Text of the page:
50-59 89(30) 54(27)
60-69 63(21) 35(18)
70-79 26(8) 18(9)
80-89 7(2) 6(3)
Mean (median) 53(55) 50(50)
Min (max) 35(85) 30(85)
Male 198(66) 136(68)
Female 102(34) 64(32)
50-59 3(1) 4(2)
60-69 256(85) 167(83)
70-79 41(14) 29(15)
Skilled 103(34) 71(36)
Unstilled 197(66) 129(64)
health-related 104(35) 70(35)
Non-health related 196(65) 130(65)

One (0.3%) patient in group A had a systolic blood pressure range of 130-139 mmHg while none has such systolic blood pressure range in group B. Furosemide was prescribed for 282 (94%) patients in group A, while it was prescribed for 197 (97%) patients in group B. The distribution of the systolic blood pressure ranges and prescribed drugs for patients in the two groups are shown in table 2.

Single antihypertensive was used for 183(61%) patients in Group A which none of the patients had a four-drug combination. For Group B, 67(33%) of the patients were prescribed two-drug Combination antihypertensives. In fig. 1, the number of drug combinations is shown for patients in Group A and Group B.

Table 2: Clinical characteristics of the patients in Group A and B

Characteristics Group A (N-300) Group B (N=200)
n (%) n (%)
BP Range (mmHg)
130-139 1(0.3) -
140-149 63(21) 41(20)
150-159 64|(21) 43(22)
160-169 61(20) 40(20)
170-179 61(20) 42(21)
180-189 50(17.7) 34(17)
Drugs prescribed (N=445) (N=450)
Furosemide 282(94) 197(97)
Atenolol 61(20) 59(30)
Nifedipine 50(16) 81(40)
Propranolol 44(15) 75(37)
Captopril 6(2) 16(8)
Clonidine 1(0.3) 2(1)
Bendrothiazide 1(0.3) 1(0.5)
Methyldopa - 19(9.5)

Fig. 1: Number of antihypertensives per prescription


This study was conducted at the Lagos Teaching Hospital to determine the level of prescribers’ adherence to the World Health Organisation/International Society for Hypertension (WHO/ISH) hypertension treatment guidelines. Two groups were used for the study. Group A was patients before the guideline review, while group B was those after the guideline review. The two groups had more male patients than females. The modal age of group A patients was slightly higher than those of group B, although the difference was not significant.

Furosemide was the most prescribed antihypertensive for both groups. Many of the patients in both groups had a single antihypertensive prescribed for their use. Furosemide and atenolol were the predominantly co-prescribed drugs before the guideline review. The prescription changed to furosemide and Nifedipine co-prescription in compliance with the guideline review. In both instances, prescribers of antihypertensives in the studied hospital complied with the treatment guidelines before and after the review.

The sociodemographic characteristics reported in this study seem to be unique compared to those of similar studies. In a survey researched in Nigeria by Odili et al. (2008), the age range, weight range, occupation, and health-related or non-health-related characteristics of the patients were categorically defined [4]. In that study, 501 case notes were retrieved for evaluation between a specified period and were assessed for adherence to the treatment guidelines. In the study, the prevalence of hypertension was highest in the second category. More women were affected with diagnostic mean SBP and DBP of 163.721.9 mmHg and 100.113.2 mmHg, respectively. With antihypertensive treatment, the values of the SBP and DBP for females reduced to 132.311.5 mmHg and 83.27.5 mmHg while those of the male patients were 131.811.6 mmHg and 84.37.5 mmHg, respectively. It is essential to mention that unlike in is this present study, the patients were assessed with co-morbidities [4].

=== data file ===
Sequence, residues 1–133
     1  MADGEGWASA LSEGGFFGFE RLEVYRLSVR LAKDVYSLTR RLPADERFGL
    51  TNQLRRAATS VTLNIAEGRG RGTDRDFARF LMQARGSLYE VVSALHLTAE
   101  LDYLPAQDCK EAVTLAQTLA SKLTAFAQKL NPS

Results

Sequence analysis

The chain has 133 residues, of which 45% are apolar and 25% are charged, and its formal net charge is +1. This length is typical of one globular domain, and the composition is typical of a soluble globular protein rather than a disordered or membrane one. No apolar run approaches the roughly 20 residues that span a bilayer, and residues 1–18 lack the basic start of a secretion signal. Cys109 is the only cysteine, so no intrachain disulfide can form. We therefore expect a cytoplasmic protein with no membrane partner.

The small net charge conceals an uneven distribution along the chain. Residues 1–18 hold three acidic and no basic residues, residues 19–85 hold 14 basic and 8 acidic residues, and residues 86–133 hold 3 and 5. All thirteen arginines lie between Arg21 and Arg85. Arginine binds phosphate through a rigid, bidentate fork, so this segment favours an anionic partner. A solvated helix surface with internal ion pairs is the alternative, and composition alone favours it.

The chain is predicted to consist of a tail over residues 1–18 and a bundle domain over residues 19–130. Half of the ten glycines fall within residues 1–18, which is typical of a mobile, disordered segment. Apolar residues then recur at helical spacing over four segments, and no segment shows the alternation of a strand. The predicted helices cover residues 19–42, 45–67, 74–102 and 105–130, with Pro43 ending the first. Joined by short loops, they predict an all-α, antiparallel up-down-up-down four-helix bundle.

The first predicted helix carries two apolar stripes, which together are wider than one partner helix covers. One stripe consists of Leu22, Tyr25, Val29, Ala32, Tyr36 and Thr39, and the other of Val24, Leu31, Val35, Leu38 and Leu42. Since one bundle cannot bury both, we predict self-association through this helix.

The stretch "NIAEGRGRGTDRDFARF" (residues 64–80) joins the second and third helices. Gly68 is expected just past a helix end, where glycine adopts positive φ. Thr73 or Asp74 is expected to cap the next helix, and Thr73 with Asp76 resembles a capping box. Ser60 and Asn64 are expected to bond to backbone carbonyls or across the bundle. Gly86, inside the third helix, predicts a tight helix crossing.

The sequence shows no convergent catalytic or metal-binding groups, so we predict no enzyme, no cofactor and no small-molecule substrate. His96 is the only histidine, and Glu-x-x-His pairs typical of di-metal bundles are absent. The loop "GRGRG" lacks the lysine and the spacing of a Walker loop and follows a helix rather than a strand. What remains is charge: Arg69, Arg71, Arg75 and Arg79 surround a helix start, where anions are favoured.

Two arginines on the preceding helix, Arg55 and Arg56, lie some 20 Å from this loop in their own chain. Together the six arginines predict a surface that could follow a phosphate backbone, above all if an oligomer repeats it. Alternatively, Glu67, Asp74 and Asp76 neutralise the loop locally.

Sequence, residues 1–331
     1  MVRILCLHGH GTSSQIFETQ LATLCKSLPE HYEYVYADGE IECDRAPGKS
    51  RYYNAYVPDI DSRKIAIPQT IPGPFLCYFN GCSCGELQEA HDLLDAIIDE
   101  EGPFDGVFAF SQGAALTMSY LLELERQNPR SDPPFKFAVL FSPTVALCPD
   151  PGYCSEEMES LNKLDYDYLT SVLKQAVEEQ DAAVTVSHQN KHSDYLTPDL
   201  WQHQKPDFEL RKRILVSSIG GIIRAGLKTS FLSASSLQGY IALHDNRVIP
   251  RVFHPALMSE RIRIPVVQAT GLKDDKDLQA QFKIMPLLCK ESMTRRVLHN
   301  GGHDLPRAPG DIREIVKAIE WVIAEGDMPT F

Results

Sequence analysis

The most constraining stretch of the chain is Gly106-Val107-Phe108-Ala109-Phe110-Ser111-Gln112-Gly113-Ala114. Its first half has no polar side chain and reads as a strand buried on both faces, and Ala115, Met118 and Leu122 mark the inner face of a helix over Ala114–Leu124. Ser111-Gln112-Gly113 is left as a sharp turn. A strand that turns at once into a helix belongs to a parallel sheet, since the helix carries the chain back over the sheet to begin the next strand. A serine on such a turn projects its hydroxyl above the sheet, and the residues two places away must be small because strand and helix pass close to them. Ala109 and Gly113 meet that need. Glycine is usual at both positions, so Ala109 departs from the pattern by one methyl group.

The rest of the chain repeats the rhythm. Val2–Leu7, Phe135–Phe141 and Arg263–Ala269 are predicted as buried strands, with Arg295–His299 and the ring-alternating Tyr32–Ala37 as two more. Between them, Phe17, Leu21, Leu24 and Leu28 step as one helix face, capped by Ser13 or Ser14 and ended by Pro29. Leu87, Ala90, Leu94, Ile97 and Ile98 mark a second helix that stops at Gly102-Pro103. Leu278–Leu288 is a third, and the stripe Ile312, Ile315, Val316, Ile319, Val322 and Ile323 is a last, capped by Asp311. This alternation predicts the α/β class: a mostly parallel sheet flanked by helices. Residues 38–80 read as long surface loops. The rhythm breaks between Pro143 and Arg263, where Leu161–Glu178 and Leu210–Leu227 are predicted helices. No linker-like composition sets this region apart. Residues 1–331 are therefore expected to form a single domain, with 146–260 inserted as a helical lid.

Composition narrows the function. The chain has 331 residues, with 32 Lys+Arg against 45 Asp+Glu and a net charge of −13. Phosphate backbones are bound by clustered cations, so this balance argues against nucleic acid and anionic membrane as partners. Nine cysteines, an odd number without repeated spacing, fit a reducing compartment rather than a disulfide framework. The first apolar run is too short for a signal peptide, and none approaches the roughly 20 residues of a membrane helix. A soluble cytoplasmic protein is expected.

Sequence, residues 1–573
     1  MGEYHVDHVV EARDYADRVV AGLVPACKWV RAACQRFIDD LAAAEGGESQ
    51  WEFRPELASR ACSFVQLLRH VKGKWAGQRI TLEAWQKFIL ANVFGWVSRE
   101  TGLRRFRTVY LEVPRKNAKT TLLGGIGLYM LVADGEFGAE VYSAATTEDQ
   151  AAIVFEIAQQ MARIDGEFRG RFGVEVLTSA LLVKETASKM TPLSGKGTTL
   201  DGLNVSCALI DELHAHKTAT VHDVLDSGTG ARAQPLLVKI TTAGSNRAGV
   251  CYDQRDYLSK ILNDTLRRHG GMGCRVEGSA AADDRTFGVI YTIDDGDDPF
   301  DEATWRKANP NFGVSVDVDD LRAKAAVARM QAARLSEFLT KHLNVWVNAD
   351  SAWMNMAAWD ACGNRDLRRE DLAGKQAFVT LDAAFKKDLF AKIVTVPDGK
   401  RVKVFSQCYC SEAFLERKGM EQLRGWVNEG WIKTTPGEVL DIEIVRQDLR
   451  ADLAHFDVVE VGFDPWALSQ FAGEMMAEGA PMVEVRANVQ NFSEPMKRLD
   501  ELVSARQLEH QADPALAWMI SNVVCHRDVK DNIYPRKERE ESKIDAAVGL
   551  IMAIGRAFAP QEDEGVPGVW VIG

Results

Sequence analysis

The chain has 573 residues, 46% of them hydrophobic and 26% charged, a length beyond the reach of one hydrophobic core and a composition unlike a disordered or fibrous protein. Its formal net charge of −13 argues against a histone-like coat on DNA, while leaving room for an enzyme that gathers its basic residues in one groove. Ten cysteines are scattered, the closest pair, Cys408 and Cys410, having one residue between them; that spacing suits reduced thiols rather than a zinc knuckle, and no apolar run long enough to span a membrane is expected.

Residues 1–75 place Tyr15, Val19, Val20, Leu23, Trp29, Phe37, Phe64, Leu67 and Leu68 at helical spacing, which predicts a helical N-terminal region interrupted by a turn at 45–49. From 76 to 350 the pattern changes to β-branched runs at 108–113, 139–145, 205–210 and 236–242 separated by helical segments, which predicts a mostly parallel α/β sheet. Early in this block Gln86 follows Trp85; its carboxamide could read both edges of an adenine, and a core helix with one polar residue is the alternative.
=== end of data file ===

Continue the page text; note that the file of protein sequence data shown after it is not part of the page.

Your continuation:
Another study conducted in Nigeria by Ale et al. (2017) focused on the awareness of hypertension treatment guidelines among primary-care prescribers and its relationship to hypertension diagnosis [6]. In the study, the primary care physicians (PCP) were categorized into two groups of hypertension guideline aware (GA) and unaware (GU). Anonymous self-administered questionnaires were employed, which is strikingly different from this study. The study concluded that there is a knowledge gap between guideline recommendations and hypertension care in Nigeria, which is further increased by PCP's awareness of the guidelines. Consequently, popularizing hypertension treatment guidelines among PCP's significantly improves hypertension care and reduces the upsurge of the disease [6].

In Zimbabwe, research by Basopo et al. (2017) assessed the prescribing practices for hypertensive patients in the private sector to verify whether it followed the national treatment guidelines. The majority of the populace in Zimbabwe seek medical care from the private sector. In the research, they reviewed the hypertension prescription claims made by a private insurance company within a specific period.